The original idea was pretty straight forward; I’ll complete 100 push-ups a day and you sponsor me like a walk-a-thon just 1 cent per push-up… do the math!

 

The campaign turned into us sharing our story as well as others impacted by the cancer. Probably not a shock considering I enjoy telling people’s stories. The shock was I thought I could easily do this on video. Fortunately, I wasn’t 100 percent wrong. (Non visual video editing is possible… I do it!) Even more fortunately, my wife thought she could do a better job at the video production. She was right and she began to earn her keep and her name… Super Producer Marley Marl now formally known as Super Producer Marlett!

 

It became apparent that people weren’t really interested in my push-ups. One of the comments on the videos went something like; “Really interesting and important but why is there a guy doing push-ups.” LOL! I guess they didn’t listen to the introduction which summarized everything I just said about the campaign.

 

Logo for The RAE of Hope - a beam of light shining on to the earth from space

Focusing on raising awareness & empowering others while raising funds for World Eye Cancer Hope the name sort of wrote itself when we let the universe take over… The RAE of Hope, “Shining a light on a childhood eye cancer”.

 

We just finished airing our first full week of videos. We post them to our Facebook page “The RAE of Hope” and via YouTube.

 

I would love for you to come on over and “Like” our FB page or follow us on twitter @TheRAEofHope. The stories this year feature a bit more in the way of video production but the full story is told via audio. In fact, this year we incorporated closed captions available via YouTube, so we’re fully accessible – the way it should be!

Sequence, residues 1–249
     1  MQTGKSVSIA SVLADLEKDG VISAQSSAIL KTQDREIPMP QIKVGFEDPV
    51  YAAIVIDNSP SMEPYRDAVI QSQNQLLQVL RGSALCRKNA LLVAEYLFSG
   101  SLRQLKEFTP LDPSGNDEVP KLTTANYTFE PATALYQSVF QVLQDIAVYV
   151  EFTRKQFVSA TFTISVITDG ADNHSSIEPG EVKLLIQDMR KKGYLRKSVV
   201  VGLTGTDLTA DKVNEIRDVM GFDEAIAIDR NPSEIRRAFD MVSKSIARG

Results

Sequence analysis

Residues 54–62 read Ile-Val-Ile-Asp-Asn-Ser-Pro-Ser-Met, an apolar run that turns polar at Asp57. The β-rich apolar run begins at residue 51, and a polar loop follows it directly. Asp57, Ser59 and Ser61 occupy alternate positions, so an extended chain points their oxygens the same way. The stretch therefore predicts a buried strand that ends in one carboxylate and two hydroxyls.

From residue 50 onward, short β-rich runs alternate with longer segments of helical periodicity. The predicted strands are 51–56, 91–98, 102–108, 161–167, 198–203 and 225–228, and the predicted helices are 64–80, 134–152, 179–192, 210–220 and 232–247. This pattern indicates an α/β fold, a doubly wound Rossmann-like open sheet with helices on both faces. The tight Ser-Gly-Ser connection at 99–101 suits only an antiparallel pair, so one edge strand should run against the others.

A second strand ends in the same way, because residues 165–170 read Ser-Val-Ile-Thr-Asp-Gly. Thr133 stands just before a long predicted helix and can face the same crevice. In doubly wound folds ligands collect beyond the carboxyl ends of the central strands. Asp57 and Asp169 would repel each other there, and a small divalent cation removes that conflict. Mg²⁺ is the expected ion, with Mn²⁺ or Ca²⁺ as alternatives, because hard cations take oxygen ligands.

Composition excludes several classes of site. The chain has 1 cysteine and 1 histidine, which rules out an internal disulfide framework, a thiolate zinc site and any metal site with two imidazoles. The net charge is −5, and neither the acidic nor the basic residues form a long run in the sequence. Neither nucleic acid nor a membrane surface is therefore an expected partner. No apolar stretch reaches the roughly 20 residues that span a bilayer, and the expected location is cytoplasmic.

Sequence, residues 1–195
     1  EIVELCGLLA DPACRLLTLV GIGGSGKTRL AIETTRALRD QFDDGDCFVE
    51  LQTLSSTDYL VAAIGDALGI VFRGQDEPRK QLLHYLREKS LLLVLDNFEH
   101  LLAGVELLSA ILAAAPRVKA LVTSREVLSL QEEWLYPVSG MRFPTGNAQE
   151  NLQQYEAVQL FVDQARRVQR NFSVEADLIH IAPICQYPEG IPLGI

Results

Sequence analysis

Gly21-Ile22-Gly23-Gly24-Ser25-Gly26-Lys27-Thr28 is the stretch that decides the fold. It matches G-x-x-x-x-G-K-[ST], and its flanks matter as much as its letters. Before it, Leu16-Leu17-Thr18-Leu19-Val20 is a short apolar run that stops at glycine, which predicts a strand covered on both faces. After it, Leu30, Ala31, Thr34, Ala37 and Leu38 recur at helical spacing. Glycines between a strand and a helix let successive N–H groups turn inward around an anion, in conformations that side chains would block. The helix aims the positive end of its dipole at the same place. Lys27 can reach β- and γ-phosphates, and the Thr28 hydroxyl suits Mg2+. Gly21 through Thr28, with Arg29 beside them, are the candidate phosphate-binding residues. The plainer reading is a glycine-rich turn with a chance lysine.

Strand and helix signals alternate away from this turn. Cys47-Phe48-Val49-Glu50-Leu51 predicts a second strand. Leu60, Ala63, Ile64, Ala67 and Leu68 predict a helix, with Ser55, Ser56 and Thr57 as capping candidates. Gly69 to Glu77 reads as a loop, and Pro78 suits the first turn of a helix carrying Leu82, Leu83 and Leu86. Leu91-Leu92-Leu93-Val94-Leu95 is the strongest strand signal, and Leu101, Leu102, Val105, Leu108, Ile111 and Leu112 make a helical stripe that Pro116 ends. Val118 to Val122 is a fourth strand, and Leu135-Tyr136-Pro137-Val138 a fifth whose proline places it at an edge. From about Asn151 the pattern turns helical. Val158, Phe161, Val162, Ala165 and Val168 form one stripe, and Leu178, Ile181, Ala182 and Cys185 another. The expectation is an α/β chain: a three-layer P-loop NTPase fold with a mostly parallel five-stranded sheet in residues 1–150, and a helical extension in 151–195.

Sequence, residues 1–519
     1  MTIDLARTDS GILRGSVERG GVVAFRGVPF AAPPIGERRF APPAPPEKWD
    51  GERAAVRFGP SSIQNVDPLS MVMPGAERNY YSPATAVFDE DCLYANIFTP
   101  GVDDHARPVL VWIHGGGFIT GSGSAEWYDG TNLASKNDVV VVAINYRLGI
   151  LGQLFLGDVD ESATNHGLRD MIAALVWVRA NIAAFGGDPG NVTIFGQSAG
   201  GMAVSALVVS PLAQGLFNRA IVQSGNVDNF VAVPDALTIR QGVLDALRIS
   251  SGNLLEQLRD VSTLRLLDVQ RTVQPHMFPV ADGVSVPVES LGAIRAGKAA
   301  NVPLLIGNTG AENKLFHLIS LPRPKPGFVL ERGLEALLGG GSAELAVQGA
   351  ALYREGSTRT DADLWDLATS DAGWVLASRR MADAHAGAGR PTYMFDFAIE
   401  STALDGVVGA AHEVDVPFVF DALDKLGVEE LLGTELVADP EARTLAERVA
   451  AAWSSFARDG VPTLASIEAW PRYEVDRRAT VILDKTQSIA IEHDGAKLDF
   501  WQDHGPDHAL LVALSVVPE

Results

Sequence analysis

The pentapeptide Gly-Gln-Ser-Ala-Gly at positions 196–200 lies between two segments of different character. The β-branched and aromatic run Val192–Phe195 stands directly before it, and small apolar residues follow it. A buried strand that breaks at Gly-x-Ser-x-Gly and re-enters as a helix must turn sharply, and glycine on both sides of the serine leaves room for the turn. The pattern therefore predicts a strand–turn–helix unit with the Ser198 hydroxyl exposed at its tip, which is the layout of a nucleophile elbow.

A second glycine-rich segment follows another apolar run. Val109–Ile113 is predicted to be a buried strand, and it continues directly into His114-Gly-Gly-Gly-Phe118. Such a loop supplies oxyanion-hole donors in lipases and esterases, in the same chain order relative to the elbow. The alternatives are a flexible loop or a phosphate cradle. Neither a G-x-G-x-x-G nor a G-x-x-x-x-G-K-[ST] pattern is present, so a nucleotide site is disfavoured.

Below is our playlist of all our videos so if this works properly you could pretty much bookmark this post and watch the latest video as we move through the month. We post new videos every Monday, Wednesday and Friday.

 

Tell a friend and help us spread the word about Childhood Cancer it can truly save a life and sight!

 

Reid My Mind Radio: Her Voice is Her Business

Wednesday, July 13th, 2016

 

Satauna Howery in the booth

With the unemployment rate among people who are blind or visually impaired said to be somewhere between 50 and 75 percent, owning your own business can be a great way to control your own financial freedom.

Today meet voice over artist Satauna Howery. She’s one of the winners of the Hadley Forsythe Center for Entrepreneurship and Employment’s New Ventures Competition.

For that and more make sure you Subscribe to RMM Radio
Can’t wait? Hit the Play button below!

 

Resources:

Check out the talking baby commercial as mentioned in the piece…

 

Transcript:

 

TR:
There are some real advantages to operating your own business.